As the EU considers re-introducing border controls between some of its 26 Schengen zone countries to deal with the migrant crisis, a study forecasts an 8 percent reduction in economic activity in the zone over the next decade
The Hungarian city of Sopron, population 50,000, boasts an abundance of beauty shops and 200 dentists one for every 250 residents. Most businesses don't target the locals, though; they're looking at the Austrians streaming across the nearby border to shop for bargains.
Such cross-border traffic could soon suffer, as the European Union considers re-introducing border controls for up to two years between some of the 26 nations in the Schengen passport-free area to deal with the migrant crisis. If the border controls return, "we might as well close shop," says seamstress Eva Grubics. "Austrians make up 80 percent of our business."
In Luxembourg, a thousand kilometers (600 miles) to the west, Schengen Mayor Ben Homan also has reason to hope the free-border agreement will remain in place. Its signing there in 1985 heralded a new era of passport-free travel, speedy transport and expanded commerce over much of a continent that had before been a patchwork of borders against hostile neighbors, competitive business and competing ideological blocs.
With locals' vineyards situated both in Germany and France just a few minutes' walk away, residents of his "little town of wine-makers" are more conscious than most of the agreement's advantages, says Homan.
Since the signing, thousands of businesses big and small have flourished on the guarantee of free travel. EU statistics show people making 1.3 billion crossings over the union's internal borders each year, while 57 million trucks transport goods worth hundreds of billions over those same boundaries annually. The free passage has also allowed some 1.7 million people to live in one country and commute to work in another.
Cities such as Malmo in southern Sweden and the Danish capital Copenhagen have in effect fused, reflecting how the EU has turned from a community of nations separated by borders to one of regions. But in the wake of the refugee crisis, the whole idea of open EU borders has been called into question.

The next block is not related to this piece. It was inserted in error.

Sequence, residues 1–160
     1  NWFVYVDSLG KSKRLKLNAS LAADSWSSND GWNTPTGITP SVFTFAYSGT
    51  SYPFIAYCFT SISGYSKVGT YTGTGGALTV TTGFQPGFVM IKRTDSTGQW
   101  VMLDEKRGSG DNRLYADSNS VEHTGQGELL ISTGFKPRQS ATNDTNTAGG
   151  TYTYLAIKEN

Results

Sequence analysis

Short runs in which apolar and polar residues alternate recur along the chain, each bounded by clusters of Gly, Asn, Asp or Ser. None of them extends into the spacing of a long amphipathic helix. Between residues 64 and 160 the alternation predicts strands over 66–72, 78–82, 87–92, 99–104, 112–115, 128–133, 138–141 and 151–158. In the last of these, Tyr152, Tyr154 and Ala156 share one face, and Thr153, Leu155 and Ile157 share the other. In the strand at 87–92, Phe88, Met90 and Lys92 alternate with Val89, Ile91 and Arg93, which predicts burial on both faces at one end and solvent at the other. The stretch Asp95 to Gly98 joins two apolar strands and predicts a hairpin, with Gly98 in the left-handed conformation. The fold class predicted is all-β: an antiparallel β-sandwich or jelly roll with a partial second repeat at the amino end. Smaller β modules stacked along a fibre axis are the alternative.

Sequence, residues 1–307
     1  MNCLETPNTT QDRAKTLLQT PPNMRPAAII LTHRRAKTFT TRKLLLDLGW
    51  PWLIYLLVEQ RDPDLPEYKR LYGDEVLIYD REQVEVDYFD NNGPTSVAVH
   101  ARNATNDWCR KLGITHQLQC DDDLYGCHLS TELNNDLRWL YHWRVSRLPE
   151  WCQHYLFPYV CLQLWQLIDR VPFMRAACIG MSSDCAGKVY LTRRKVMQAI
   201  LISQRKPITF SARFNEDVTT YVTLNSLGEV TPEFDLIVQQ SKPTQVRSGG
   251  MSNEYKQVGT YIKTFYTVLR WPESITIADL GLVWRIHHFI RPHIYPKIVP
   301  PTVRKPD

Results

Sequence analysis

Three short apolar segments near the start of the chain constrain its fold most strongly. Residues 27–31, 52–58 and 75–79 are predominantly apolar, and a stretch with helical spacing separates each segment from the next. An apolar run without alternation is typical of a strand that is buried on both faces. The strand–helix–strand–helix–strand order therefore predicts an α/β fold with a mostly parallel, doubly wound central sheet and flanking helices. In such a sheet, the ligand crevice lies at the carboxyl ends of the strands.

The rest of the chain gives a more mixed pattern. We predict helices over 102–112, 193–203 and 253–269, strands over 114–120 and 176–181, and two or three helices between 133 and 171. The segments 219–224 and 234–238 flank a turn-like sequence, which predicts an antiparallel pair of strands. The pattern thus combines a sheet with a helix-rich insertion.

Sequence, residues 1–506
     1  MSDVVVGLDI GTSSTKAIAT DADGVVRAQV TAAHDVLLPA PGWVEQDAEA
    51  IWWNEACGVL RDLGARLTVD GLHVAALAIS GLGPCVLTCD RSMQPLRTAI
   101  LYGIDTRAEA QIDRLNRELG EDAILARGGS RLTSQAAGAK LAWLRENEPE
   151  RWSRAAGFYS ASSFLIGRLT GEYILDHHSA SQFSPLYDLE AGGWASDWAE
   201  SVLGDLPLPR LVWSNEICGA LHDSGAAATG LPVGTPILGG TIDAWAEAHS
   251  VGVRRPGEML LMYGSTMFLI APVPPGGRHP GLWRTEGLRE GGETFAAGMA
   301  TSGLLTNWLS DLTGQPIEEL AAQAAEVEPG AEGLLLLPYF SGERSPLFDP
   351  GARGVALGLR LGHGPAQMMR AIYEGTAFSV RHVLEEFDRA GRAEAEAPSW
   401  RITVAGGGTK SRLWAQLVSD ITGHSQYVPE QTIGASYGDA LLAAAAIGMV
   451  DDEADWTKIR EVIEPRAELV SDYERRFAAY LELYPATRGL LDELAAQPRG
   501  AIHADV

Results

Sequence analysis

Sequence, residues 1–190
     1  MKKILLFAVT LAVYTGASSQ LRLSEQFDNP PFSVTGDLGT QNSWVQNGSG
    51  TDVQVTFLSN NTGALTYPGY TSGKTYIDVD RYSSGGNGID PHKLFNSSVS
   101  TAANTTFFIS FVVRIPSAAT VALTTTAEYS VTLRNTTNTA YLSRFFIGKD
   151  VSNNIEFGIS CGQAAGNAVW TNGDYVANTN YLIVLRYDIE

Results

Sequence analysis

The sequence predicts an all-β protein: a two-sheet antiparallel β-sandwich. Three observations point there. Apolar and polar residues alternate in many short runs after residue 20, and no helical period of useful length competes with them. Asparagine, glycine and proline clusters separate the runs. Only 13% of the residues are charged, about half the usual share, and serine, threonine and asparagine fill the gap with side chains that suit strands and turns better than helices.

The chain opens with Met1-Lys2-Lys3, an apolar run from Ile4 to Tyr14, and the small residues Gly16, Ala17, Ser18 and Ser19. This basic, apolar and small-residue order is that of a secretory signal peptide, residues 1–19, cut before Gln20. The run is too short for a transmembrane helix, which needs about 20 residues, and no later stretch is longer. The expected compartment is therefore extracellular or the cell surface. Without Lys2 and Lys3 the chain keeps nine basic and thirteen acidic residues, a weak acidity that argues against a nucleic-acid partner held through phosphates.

Each country in the zone is allowed to unilaterally put up border controls for a maximum of six months. France did so after the Nov. 13 terror attack, and following the influx of more than 1 million migrants into Europe last year, Germany, Austria, Denmark, Sweden and Norway have done the same. Now, policymakers are poised to invoke an emergency provision that allows for an extension of such controls for up to two years, citing Greek problems in properly protecting the bloc's external borders from the flow of migrants fleeing war and poverty in the Middle East, Asia or Africa.
That could open the gates to broader border restrictions. But even if full disintegration of border-free travel among the 26 does not seem imminent, some governments already are bracing for the possibility. Under such a scenario, a French government study sees an 8-percent reduction in economic activity in the zone over the next decade amounting to 110 billion euros nearly $124 billion
Alexander Klacska, whose Austrian company runs more than 500 tanker trucks across Europe, cites a study based on three hours of waiting time for trucks a day on Austria's borders to and from its seven neighbors. He says the extra costs per day would total nearly 8.5 million euros (over $9.5 million) for truckers doing business in and out of the country. A suspension of Schengen would mean "massive limitations for our company," he says. "We're very interconnected with Germany, with Slovakia, with Italy, all places where whole economic regions have grown together where borders have disappeared."
As he picks up his highway toll sticker for Hungary on the Austrian border, Dutch trucker Jack van der Veen recalls how he once waited for over two hours at the French port city of Calais for clearance to enter non-Schengen member Britain through the tunnel beneath the English channel. He describes the tough inspections there, where migrants try to sneak onto trucks bound for Britain, as the worst-case scenario that could potentially mean truckers are "stuck all day" waiting.
International transport could also suffer in other ways. German railway chief Ruediger Grube has warned that "if borders are closed, the railway will have to discontinue direct connections to foreign countries.
"The checks and delays that would then be incurred would not be sustainable," he told German tabloid Bild Zeitung.
Grube's Austrian counterpart, Gerhard Kern, is more optimistic. "No one should be anticipating that Europe will again be divided into separate parts," he says. "This would result in such a destruction of prosperity that we should all keep a cool head and find (other) solutions."